In Belgium, girls’ participation in sports was celebrated. “Girls are [one] hundred percent [as involved as] boys in football,” a 13-year-old boy is quoted saying. “[Today] there are more girls playing football than boys.”

In China, however, an 11-year-old boy said girls must display certain male traits like strength, fearlessness, and indifference to pain, before successfully participating in the sport.

A message of strength and virility being passed onto boys across cultures is equally threatening to their development, the study suggests. In China, India, Belgium, and the United States, researchers saw that girls are pushing the boundaries of gender norms more than boys. But boys exploring stereotypically female behavior were seen as socially inferior. As a result, they suffer and tend to be more self-harming, said the researchers.

Mmari says stereotypes can be deconstructed and reformed and are amenable to change. “But do I think it will happen quickly? No,” she said.

Read more at Seeker

Porpoise Burial by Medieval Monks Creates Puzzling Grave Mystery

A porpoise from the medieval period was found buried in what appears to be a formal grave on the island of Chapelle dom Hue in the English Channel.
Folklore holds that the little island of Chapelle Dom Hue, in the English Channel west of Guernsey, was the location of a scenic retreat for medieval monks from the Benedictine priory of Lihou, which is a slightly larger island just to the south. Guernsey archaeologist Philip de Jersey and his colleagues are currently excavating the site to determine, in part, what the monks might have left there.

Recently, de Jersey and his team spotted the outline of a feature in the soil that looked like a grave.

“It certainly resembled medieval graves we have excavated in several sites on the island, and it was only a little way off the east-west orientation, as one would usually expect,” de Jersey told Seeker from the site.

A few days later, he and his team started to excavate the feature and uncovered a skull, which he initially thought was the top of a human skull. While dirt was removed, however, the skull grew ever larger in appearance.

As it turns out, the skull and other remains belonged, not to a human, but to a porpoise. The discovery is the world’s only known porpoise burial from the medieval era or earlier.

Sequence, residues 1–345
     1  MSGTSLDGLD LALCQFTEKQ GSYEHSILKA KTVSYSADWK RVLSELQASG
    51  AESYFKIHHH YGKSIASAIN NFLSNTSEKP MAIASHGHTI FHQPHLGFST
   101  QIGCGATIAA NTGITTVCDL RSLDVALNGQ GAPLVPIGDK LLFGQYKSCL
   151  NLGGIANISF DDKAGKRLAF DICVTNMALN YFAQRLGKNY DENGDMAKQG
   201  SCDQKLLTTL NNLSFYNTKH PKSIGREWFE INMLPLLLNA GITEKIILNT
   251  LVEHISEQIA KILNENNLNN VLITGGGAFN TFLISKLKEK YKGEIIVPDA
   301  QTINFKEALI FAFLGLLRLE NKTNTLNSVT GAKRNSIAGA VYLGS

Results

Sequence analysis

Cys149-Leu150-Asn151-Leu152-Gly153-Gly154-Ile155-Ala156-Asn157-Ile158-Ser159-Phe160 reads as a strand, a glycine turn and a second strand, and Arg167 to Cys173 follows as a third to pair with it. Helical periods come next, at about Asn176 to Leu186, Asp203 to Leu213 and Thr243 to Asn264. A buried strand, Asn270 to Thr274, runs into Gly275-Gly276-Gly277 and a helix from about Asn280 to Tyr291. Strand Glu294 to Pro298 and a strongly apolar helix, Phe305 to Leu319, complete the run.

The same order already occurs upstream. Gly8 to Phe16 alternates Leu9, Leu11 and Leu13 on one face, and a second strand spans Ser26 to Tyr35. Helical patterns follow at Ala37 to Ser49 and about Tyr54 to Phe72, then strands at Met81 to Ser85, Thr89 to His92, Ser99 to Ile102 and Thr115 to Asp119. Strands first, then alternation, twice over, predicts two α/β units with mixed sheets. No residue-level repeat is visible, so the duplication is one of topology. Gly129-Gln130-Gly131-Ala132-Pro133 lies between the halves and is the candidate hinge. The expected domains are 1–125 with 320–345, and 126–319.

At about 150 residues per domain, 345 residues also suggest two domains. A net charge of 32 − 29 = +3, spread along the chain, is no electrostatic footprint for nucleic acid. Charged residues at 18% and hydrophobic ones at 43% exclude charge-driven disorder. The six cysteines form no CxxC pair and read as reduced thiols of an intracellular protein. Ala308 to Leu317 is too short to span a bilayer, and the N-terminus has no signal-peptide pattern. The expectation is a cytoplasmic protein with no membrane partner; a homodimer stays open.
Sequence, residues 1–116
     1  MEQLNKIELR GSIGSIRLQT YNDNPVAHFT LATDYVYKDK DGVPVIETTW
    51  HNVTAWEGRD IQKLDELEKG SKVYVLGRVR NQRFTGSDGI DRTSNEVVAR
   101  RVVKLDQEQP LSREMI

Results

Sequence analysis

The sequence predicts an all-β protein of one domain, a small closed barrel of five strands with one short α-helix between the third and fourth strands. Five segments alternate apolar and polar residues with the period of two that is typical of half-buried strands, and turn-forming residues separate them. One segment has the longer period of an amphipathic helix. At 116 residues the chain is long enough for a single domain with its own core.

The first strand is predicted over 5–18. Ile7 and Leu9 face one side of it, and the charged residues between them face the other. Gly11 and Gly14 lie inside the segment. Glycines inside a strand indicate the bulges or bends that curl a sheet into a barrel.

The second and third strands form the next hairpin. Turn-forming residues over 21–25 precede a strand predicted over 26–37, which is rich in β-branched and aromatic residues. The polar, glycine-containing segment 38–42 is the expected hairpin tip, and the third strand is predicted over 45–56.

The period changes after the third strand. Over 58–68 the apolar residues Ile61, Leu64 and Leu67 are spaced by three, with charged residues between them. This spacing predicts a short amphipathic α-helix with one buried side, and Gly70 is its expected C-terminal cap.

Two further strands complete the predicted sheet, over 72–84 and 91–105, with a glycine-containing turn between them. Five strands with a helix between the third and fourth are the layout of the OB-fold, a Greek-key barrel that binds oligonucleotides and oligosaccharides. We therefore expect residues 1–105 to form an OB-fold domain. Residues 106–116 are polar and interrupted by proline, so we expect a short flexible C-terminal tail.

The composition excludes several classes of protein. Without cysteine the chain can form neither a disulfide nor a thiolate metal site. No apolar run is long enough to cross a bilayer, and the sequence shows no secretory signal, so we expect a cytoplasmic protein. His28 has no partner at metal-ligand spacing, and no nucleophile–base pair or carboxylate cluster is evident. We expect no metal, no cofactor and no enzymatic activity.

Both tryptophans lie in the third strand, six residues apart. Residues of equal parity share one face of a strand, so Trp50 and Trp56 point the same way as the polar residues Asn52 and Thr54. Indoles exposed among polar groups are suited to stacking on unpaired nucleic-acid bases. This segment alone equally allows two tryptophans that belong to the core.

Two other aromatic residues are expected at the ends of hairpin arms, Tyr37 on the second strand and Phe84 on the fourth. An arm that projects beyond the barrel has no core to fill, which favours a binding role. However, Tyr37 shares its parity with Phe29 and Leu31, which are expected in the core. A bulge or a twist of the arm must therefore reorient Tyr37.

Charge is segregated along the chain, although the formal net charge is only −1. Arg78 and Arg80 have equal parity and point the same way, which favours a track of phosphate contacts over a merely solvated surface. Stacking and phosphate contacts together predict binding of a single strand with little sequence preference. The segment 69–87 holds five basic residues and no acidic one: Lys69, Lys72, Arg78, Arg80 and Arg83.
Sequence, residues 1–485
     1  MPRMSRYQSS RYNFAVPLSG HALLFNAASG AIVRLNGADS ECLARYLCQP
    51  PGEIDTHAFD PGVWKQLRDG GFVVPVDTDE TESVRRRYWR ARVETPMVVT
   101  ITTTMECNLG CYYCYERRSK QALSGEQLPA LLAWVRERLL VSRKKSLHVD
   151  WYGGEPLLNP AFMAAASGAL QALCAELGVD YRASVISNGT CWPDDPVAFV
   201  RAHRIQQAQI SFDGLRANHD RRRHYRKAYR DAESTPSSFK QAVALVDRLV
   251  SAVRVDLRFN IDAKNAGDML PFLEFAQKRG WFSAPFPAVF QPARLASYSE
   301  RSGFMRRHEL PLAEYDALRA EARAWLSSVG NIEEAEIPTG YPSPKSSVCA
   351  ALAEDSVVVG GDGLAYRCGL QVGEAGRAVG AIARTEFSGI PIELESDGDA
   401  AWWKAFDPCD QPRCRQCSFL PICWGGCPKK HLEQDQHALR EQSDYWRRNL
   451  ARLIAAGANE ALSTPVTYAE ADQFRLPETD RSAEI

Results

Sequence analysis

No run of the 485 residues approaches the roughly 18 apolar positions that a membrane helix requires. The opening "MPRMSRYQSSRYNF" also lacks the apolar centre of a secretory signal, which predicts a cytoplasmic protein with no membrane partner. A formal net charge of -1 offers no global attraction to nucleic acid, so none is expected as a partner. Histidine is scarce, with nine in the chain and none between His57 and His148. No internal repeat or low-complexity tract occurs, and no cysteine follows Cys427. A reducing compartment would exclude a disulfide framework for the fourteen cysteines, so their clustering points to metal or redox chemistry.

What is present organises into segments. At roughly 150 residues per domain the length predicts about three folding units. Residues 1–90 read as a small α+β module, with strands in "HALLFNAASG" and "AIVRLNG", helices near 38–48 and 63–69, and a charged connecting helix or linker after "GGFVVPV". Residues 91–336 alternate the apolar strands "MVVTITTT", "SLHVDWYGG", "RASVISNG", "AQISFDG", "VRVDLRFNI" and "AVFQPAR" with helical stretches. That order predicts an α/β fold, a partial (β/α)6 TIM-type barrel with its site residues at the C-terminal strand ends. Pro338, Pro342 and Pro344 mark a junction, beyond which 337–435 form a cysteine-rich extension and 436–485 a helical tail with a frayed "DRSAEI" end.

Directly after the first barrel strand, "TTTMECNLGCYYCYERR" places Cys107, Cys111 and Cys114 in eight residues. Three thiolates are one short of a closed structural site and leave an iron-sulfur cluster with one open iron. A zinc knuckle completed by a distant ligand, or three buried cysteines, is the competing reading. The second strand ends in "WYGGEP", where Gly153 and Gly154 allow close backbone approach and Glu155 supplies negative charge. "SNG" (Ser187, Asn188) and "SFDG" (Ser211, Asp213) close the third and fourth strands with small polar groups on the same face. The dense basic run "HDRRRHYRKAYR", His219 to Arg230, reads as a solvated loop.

The archaeologists were astonished.

“It was entirely consistent with a human burial, which is one of the most puzzling aspects,” de Jersey said. “The grave cut has been dug very carefully, with vertical sides and a flat base cut into the underlying bedrock. This has taken some considerable care and effort.”

The buried porpoise as it was first being uncovered.
Like the beginning of a great murder mystery — the porpoise does appear to have been killed — there is a collection of clues and other information, some of which may have nothing to do with the burial.

So far, de Jersey and his team on the island have uncovered the ruins of a building there erected on an east-west alignment, which supports a religious function, according to the researchers.

“It was quite a substantial structure, small in size, but with thick walls,” de Jersey said.

He added that they have also found a lot of old pottery known as Normandy gritty ware, which was imported to the Channel Islands between the late 10th and early-15th centuries. A priory on Lihou was in use from the mid 12th to the early 14th or early-15th century, but the Chapelle Dom Hue pottery suggests that this smaller island was only occupied by the monks for a relatively short time, probably in the later-14th century.

A photo taken from west of the site, with the medieval building at Chapelle Dom Hue visible in the foreground
Evidence for an even earlier occupation of Chapelle Dom Hue was also found, with flint tools going back to the Neolithic Period (15,200 BC–2,000 BC). The porpoise burial, though, is at the medieval level of the site.

The researchers suspect that the animal was butchered before it was put into the ground.

“The bone preservation, apart from the skull, is very poor in our acidic soul, but it appears as though there are various articulated portions in the grave, not in the association one would expect if it was a complete body,” de Jersey explained.

The monks may therefore have viewed the porpoise more as food than as a revered, sentient being.

“One possibility we have considered is that the ‘grave’ is not a grave at all, but a pit carefully cut in which the butchered porpoise was buried in salt, in order to preserve portions of it,” de Jersey said. “There is contemporary literary evidence of porpoises, or parts of porpoise, being around for longer than it would have been fresh, therefore it must have been preserved somehow, whether through drying or salting.”

Researchers excavating at Chapelle Dom Hue, with Guernsey in the distance
Salting of fish and other edible marine life at the time was normally done in barrels, though. The researchers wonder if the large size of the porpoise might have necessitated a different approach for preparing it.

“If that’s true, then obviously it was never recovered, for some reason — or perhaps it just didn’t work as a technique, so they left it in the ground,” de Jersey said.

Medieval cookbooks do include dishes with porpoise as an ingredient. The late-14th century chef’s tome Forme of Cury, for example, contains such a recipe.